I have touched on considerations of egoism and on considera-tions that go outside the self—of benevolence, for instance, or fairness. But there is a question that has proved very important to ethics of how far outside the self such considerations should range. Will it count as an ethical consideration if you consider the interests and needs only of your family or of your commu-nity or of the nation? Certainly such local loyalties have provided the fabric of people’s lives and the forum, it seems right to say, of ethical life. However, there are some ethical demands that seem to be satisfi ed only by a universal concern, one that extends to all human beings and perhaps beyond the human race. This concern is particularly cultivated by the subsystem morality, to the extent that it is often thought that no concern is truly moral unless it is marked by this universality.

For morality, the ethical constituency is always the same: the universal constituency. An allegiance to a smaller group, the loyal-ties to family or country, would have to be justifi ed from the outside inward, by an argument that explained how it was a good thing that people should have allegiances that were less than universal. (I shall consider in Chapters 5 and 6 the motives and perils of this kind of approach; and also different accounts that have been given of what the universal constituency is.) At a more everyday level (a less refl ective one, the moral critic would say), the location of the ethical can move from one side to another of a given contrast. Relative to my personal interest, the interests of the town or the nation can represent an ethical demand, but the interests of the town can count as self-interested if the demand comes from some larger identifi cation. This is simply because the requirements of benevolence or fairness may always stake a claim against self-interest; we can represent a self-interest as much as I ; and who we are depends on the extent of identifi ca-tion in a particular case, and on the boundaries of contrast.

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I have mentioned several sorts of ethical consideration, and more than one kind of nonethical. Philosophy has traditionally shown a desire to reduce this diversity, on both sides of the divide. It has tended, fi rst of all, to see all nonethical considera-tions as reducible to egoism, the narrowest form of self-interest. Indeed some philosophers have wanted to reduce that to one special kind of egoistic concern, the pursuit of pleasure. Kant, in particular, believed that every action not done from moral prin-ciple was done for the agent’s pleasure. This needs to be distin-guished from another idea, that all actions, including those done for ethical reasons, are equally motivated by the pursuit of pleasure. This theory, psychological hedonism, fi nds it hard to avoid being either obviously false or else trivially vacuous, as it becomes if it simply identifi es with the agent’s expected pleasure anything that the agent intentionally does. But in any case this theory makes no special contribution to a distinction between the ethical and the nonethical. If there were any true and inter-esting version of psychological hedonism, those actions that had nonethical motivations would not necessarily form any special class of pleasure-seeking activity. Kant’s view, on the other hand, does contribute to the question, by holding that moral action is uniquely exempted from psychological hedonism; that view is certainly wrong. 9 If we are not infl uenced by such a theory, we can accept the obvious truth that there are different sorts of nonethical motivation—and, moreover, that there is more than one kind of motivation acting against ethical considerations. 10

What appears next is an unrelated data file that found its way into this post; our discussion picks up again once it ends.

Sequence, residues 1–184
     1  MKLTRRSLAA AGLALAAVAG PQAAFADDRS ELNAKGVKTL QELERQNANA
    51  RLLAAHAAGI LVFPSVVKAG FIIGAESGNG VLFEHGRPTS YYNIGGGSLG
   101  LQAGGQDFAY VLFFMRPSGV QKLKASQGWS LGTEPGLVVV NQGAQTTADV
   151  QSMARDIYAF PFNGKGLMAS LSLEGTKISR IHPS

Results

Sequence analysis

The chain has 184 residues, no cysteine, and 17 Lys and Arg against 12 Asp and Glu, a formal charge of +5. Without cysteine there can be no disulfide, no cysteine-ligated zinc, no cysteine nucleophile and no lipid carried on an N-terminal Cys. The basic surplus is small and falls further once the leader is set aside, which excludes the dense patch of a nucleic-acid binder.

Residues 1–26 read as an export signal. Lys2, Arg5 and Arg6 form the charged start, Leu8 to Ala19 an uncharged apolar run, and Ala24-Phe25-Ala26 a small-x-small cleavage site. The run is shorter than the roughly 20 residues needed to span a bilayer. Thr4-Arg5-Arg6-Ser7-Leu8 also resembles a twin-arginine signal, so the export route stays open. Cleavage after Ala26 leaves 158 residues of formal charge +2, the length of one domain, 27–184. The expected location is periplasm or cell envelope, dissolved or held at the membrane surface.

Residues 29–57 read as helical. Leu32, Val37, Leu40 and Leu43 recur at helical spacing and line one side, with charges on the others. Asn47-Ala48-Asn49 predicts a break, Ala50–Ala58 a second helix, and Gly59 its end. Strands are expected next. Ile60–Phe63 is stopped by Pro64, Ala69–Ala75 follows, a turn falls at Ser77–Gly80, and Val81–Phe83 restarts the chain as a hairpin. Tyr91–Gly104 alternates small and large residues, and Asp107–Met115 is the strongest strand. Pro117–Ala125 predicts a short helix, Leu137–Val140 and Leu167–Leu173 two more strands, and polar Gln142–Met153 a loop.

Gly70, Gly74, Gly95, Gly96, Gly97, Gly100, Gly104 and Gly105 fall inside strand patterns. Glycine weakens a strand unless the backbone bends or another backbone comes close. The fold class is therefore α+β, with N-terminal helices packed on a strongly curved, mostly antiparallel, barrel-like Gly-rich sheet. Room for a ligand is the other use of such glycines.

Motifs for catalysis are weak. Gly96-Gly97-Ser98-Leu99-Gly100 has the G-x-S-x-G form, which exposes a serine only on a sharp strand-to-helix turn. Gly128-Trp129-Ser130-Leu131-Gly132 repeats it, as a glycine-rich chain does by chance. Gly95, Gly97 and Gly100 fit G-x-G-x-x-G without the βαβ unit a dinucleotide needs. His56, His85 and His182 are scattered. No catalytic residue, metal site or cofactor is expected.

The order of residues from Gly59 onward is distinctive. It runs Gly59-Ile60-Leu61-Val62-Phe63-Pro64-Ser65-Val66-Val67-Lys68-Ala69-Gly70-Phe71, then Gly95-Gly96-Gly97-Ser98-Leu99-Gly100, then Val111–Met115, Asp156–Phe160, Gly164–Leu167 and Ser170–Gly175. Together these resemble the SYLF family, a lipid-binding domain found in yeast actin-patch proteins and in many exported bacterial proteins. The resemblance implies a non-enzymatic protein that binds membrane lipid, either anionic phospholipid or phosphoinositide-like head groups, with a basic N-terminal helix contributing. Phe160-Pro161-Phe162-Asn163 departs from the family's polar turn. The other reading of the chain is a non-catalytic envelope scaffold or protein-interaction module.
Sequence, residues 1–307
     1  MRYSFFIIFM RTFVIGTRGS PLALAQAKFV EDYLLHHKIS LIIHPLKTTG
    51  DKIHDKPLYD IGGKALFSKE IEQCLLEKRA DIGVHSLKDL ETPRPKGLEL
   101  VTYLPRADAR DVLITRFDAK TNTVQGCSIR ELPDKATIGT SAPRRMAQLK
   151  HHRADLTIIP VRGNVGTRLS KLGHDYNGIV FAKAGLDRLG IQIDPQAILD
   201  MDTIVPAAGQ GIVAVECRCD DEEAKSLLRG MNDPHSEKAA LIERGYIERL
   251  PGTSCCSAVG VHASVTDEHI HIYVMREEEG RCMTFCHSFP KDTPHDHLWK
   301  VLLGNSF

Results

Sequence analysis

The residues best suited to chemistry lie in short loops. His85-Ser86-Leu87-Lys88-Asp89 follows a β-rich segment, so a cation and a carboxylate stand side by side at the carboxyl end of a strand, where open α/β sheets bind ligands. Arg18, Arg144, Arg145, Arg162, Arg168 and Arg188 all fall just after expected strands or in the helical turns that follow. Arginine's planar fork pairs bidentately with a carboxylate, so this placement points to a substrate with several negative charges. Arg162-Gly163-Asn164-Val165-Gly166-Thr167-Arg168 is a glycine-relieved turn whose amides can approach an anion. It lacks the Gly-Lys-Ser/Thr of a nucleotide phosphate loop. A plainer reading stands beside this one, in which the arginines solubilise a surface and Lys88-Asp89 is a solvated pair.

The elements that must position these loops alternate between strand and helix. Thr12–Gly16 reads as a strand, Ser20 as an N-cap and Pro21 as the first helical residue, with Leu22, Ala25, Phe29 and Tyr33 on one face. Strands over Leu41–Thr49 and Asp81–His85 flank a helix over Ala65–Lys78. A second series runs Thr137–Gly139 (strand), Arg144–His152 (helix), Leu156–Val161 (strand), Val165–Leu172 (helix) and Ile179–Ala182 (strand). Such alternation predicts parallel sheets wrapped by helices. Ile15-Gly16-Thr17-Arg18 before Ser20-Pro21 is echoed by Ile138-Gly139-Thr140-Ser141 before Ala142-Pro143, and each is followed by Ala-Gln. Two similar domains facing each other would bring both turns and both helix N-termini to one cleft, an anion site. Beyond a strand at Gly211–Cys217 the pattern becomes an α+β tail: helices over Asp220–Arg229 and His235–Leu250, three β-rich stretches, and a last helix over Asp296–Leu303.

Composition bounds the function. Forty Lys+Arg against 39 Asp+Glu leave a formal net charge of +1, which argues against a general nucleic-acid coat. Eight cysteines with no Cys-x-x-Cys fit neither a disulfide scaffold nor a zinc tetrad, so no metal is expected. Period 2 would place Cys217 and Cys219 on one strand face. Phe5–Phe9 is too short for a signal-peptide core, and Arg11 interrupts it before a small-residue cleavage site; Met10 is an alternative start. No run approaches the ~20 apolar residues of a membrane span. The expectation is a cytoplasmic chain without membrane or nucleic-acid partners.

The desire to reduce all nonethical considerations to one type is less strong in philosophy now than it was when moral philos-ophy chiefl y concentrated not so much on questions of what is the right thing to do and what is the good life (the answers to such questions were thought to be obvious), but rather on how one was to be motivated to pursue those things, against the motivations of selfi shness and pleasure. The desire to reduce all ethical considerations to one pattern is, on the other hand, as